Coatesville budget vote signals real progress

Kudos to City Council for stepping up to address fiscal mess

By Mike McGann, Editor, The Times

UTMikeColLogoIn a world of typically boring municipal budgets, the City of Coatesville is about to get very interesting.

Monday night, the City Council voted to approve a preliminary budget for 2015 that does two seemingly impossible things: it doesn’t raise property taxes and it doesn’t dip into the city’s dwindling trust fund.

That means that city administrators are going to need to find almost $2 million in cuts to the budget — planned originally for $10.8 million.

While its likely that some changes will occur between now and Dec. 29 — when the council has to adopt the final budget — don’t underestimate the importance of this vote.

Sure, it’s not the exact path I personally would have taken — I’d have gone for a modest tax increase, budget cuts and a small loan of $400,000 from the trust fund — but instead of taking the easiest path and just taking the $1.7 million from the trust fund, City Council isn’t acting like Santa Claus is going to show up and bring the city a couple of million dollars.

It also signaled to City Manager Kirby Hudson that it is long overdue for he and his staff to develop a five-year (and maybe even a 10-year) plan for managing the city’s finances and finding a route to growth and sustained fiscal health. It’s time for a plan — because up until now, the city was basically headed over a waterfall, furiously trying to build a barrel on the way down.

Monday’s vote signals that this council — finally — is brave enough to take action that slows down that potential plummet onto the rocks below. This is a council willing to take the tough stance and fight to avoid the widespread damage that crash landing the city into Act 47 status would cause for the city and beyond.

City Council member Ed Simpson has seemed like a lone voice in the woods for years, suggesting that year in and year out, council and administration should confront the fiscal issues that the city faces, only to be outvoted. This year, though, he seems to have a lot of company — brave souls willing to finally change the status quo and change the course of the city.

And while the ultimate solution is going to take the greater community, from the county to the state, to solve the issue long-term, as the old saying goes, “God helps those who help themselves.”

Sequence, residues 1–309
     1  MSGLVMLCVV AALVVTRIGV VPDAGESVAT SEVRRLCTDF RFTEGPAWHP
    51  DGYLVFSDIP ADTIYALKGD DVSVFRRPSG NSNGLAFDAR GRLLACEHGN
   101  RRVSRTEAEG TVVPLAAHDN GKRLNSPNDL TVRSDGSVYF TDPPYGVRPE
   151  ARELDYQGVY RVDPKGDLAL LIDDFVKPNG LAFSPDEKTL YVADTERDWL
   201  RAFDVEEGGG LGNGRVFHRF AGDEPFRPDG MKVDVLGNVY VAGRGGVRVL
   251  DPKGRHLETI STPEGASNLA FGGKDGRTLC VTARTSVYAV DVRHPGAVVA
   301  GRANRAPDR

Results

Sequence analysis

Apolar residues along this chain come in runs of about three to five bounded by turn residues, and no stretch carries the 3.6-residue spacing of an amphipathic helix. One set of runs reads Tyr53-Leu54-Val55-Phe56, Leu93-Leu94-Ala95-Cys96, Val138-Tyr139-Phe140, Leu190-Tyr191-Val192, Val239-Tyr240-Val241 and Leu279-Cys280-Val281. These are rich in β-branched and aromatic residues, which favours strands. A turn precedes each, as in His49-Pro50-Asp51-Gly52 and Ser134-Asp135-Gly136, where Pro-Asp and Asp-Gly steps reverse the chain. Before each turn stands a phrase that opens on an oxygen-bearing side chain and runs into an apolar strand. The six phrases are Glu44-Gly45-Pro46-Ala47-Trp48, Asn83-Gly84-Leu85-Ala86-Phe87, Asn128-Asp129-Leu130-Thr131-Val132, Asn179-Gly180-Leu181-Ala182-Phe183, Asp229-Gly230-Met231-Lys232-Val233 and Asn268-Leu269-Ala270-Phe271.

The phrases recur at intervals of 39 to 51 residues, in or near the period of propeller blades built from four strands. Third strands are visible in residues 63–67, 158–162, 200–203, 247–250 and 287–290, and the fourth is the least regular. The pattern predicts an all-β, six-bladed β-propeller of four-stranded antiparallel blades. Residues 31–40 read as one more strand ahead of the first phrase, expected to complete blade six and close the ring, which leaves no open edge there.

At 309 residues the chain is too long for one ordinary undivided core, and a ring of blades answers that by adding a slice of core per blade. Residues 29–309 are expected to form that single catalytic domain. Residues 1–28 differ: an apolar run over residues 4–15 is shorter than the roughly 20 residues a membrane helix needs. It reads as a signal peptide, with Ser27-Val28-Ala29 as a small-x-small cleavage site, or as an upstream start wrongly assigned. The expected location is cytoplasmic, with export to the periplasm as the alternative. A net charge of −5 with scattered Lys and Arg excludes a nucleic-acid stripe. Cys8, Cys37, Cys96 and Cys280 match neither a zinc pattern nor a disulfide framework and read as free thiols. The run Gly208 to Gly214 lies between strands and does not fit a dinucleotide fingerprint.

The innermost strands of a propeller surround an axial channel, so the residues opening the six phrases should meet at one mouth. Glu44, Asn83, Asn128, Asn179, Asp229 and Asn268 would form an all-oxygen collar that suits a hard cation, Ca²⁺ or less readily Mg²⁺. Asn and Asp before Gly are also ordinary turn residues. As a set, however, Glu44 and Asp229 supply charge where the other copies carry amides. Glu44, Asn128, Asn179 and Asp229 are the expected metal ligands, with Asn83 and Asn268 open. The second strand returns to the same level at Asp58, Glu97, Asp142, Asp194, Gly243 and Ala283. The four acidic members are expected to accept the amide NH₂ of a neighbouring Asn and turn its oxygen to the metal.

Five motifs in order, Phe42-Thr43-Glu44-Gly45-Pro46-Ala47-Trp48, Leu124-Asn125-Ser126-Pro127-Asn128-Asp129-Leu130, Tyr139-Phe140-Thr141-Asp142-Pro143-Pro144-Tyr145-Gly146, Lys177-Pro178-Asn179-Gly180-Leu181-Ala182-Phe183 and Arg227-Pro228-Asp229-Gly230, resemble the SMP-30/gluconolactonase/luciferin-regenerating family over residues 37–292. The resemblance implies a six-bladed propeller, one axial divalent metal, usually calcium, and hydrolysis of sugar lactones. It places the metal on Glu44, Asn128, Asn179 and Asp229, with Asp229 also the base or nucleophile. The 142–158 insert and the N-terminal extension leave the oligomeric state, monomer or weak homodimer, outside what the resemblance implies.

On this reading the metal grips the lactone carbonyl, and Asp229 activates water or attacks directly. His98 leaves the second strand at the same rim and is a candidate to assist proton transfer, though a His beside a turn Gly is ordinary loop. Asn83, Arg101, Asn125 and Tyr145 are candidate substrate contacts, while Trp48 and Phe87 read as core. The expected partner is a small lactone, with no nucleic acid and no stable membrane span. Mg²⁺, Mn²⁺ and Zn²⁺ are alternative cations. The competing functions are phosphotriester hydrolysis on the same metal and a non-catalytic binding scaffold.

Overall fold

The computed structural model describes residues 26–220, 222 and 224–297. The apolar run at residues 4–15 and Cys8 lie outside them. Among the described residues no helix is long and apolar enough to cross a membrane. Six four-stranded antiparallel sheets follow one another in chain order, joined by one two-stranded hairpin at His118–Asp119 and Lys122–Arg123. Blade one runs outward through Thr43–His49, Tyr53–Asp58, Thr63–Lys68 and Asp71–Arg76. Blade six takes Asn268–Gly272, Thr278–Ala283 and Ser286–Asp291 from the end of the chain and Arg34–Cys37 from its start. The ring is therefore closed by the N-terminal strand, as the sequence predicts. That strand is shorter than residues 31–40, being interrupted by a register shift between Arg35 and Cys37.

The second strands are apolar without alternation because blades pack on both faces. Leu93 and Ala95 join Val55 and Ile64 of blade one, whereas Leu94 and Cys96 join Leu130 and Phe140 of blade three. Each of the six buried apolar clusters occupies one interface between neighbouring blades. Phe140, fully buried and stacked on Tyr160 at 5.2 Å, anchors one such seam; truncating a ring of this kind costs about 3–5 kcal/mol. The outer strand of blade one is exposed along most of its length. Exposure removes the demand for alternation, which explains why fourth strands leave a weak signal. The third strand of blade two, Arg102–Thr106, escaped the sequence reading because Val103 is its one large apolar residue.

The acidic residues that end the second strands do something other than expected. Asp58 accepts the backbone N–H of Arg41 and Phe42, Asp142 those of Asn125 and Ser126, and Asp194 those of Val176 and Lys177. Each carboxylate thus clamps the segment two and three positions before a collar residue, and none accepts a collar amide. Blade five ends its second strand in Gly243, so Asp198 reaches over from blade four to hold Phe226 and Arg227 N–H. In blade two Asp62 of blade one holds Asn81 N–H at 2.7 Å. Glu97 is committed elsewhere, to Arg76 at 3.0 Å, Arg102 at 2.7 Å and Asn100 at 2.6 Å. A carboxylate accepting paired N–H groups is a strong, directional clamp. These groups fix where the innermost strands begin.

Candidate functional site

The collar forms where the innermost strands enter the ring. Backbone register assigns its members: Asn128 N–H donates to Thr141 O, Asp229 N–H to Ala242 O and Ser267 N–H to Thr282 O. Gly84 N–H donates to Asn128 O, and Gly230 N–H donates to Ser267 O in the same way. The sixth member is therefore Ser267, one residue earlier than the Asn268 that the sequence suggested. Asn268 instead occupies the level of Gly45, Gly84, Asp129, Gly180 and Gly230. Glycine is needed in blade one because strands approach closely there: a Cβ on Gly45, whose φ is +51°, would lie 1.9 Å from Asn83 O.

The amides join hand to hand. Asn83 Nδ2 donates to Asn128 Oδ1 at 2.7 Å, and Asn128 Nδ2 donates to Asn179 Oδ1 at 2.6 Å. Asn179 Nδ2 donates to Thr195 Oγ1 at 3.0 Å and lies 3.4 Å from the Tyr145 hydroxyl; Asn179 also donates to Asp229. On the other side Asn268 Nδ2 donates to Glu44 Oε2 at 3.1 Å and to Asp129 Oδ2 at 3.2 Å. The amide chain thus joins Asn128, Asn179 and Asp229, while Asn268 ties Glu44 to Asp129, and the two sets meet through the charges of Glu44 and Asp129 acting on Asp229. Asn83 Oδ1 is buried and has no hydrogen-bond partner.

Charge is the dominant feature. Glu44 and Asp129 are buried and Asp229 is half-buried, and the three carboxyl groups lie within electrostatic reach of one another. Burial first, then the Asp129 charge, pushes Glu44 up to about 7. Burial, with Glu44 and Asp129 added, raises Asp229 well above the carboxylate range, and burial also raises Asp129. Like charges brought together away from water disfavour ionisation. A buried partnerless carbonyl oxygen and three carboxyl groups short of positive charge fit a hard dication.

This represents a serious move in the right direction.

Is the budget as approved Monday workable? In a word, no.

There probably aren’t $2 million in cuts to be found in the budget without dramatically cutting services, and increasing risk to public safety and property. When 66% — a figure cited by City Finance Director John Macarelli — of the budget is people, cutting nearly 20% of the budget means cutting cops and converting the fire department back to an all-volunteer force, and then some.

Making the city less safe — especially after the recent dramatic improvement in the city’s police department and a general feeling that real progress is being made to cut down crime and take back the streets — isn’t going to help grow the tax base.

That having been said, budget cuts need to be part of the solution, I think in the neighborhood of $1 million is possible — tough choices to be sure — but still better than seeing the city enveloped by a state takeover in three years.

And yes, the city’s landlords don’t want to hear this, but a modest tax hike should be part of the formula, too. And honestly, from a selfish standpoint, they should want one, too.

Why? Less police and more crime will drive down the value of their property. It will also mean less good tenants to rent their homes and apartments — which means a higher cost of doing business anyway.

If there are budget cuts, if the borrowing from the trust fund can be slowed to a rate than can last decades rather than 36 months and there is a real plan to manage the city’s finances through the end of the decade, the city’s taxpayers would be wise to invest in the city, rather than go for short-term gains. It is both fair and wise for property owners to demand all of those things if they are asked to support a tax increase.

So in short, the pain must be shared, tempered where possible so as not to inhibit future growth and it must be tied to a real plan forward, not just some vague hope of dealing with it down the road.

For once in Coatesville, the buck stops here.

Kudos to the City Council for putting up the stop sign.

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